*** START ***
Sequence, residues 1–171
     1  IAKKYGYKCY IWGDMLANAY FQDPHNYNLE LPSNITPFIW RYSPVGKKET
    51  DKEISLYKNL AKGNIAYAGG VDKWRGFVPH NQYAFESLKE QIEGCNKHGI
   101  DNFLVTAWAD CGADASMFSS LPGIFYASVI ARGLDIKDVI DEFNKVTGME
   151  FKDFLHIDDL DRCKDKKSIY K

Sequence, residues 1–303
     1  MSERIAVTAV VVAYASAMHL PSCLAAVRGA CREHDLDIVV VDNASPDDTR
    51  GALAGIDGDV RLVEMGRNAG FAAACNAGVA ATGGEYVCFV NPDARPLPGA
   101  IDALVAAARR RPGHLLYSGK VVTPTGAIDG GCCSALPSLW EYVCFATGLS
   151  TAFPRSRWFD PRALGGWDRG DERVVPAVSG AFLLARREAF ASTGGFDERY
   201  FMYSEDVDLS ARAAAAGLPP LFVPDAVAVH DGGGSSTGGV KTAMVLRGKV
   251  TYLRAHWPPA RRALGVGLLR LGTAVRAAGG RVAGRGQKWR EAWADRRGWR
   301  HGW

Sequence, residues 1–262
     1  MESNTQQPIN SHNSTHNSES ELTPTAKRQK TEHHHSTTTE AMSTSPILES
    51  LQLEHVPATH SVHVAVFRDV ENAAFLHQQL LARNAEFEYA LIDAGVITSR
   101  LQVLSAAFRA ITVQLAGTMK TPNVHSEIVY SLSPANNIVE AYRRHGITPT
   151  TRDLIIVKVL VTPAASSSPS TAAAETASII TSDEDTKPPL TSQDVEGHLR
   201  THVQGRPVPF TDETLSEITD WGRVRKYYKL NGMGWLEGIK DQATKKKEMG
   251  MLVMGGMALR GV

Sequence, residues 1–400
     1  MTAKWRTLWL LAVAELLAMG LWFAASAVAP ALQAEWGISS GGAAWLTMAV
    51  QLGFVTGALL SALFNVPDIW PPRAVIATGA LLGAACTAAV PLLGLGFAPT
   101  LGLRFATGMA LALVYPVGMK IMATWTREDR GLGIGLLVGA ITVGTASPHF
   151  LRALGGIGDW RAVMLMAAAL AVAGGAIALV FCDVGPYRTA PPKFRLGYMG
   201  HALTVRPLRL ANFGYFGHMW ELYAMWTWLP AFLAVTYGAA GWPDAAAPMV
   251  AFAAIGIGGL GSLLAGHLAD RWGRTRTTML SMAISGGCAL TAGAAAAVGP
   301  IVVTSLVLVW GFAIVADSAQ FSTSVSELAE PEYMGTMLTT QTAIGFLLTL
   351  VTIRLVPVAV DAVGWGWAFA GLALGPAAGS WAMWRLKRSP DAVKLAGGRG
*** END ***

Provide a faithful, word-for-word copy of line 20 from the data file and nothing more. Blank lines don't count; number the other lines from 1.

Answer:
   251  MLVMGGMALR GV